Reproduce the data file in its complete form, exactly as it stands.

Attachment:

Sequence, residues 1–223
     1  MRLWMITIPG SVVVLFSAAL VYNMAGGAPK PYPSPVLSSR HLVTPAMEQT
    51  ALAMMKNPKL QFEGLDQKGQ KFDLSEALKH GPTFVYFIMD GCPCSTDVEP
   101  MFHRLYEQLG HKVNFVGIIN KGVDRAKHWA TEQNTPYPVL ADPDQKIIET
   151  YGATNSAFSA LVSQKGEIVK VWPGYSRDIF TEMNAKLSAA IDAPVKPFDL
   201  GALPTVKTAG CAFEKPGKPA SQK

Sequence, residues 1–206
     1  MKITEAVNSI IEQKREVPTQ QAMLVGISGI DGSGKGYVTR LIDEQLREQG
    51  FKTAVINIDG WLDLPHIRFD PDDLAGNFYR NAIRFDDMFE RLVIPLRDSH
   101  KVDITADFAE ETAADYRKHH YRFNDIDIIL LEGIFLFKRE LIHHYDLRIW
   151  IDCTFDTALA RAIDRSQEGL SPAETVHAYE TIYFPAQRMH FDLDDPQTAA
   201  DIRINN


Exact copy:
Sequence, residues 1–223
     1  MRLWMITIPG SVVVLFSAAL VYNMAGGAPK PYPSPVLSSR HLVTPAMEQT
    51  ALAMMKNPKL QFEGLDQKGQ KFDLSEALKH GPTFVYFIMD GCPCSTDVEP
   101  MFHRLYEQLG HKVNFVGIIN KGVDRAKHWA TEQNTPYPVL ADPDQKIIET
   151  YGATNSAFSA LVSQKGEIVK VWPGYSRDIF TEMNAKLSAA IDAPVKPFDL
   201  GALPTVKTAG CAFEKPGKPA SQK

Sequence, residues 1–206
     1  MKITEAVNSI IEQKREVPTQ QAMLVGISGI DGSGKGYVTR LIDEQLREQG
    51  FKTAVINIDG WLDLPHIRFD PDDLAGNFYR NAIRFDDMFE RLVIPLRDSH
   101  KVDITADFAE ETAADYRKHH YRFNDIDIIL LEGIFLFKRE LIHHYDLRIW
   151  IDCTFDTALA RAIDRSQEGL SPAETVHAYE TIYFPAQRMH FDLDDPQTAA
   201  DIRINN